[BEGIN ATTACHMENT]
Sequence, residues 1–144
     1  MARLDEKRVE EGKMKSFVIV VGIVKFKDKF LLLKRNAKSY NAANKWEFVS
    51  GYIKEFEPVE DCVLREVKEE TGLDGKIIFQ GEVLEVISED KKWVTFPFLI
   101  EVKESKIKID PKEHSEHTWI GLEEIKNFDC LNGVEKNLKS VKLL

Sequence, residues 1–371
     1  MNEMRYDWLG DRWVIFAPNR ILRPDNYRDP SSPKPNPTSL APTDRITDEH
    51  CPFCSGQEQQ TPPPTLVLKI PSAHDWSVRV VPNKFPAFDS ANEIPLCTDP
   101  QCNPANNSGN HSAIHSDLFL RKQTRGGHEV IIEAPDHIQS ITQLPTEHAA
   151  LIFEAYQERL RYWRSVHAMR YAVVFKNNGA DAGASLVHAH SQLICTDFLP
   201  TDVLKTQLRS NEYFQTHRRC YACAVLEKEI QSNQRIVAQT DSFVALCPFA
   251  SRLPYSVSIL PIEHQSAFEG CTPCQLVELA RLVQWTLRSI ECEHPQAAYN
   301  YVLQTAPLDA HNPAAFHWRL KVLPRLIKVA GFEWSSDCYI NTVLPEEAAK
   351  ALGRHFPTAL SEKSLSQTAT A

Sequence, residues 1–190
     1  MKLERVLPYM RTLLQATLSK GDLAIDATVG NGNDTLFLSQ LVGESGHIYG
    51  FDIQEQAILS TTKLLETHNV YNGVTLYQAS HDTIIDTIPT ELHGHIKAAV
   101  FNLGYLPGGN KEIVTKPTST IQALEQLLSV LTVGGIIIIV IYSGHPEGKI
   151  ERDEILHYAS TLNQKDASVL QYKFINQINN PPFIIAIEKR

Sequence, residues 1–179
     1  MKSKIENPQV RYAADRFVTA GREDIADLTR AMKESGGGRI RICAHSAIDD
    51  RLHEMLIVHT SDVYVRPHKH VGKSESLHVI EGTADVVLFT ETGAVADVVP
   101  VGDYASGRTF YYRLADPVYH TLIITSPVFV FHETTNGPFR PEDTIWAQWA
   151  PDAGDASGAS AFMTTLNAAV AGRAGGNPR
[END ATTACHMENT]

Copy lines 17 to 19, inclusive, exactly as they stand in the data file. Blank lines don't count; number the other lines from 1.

   101  FNLGYLPGGN KEIVTKPTST IQALEQLLSV LTVGGIIIIV IYSGHPEGKI
   151  ERDEILHYAS TLNQKDASVL QYKFINQINN PPFIIAIEKR

Sequence, residues 1–179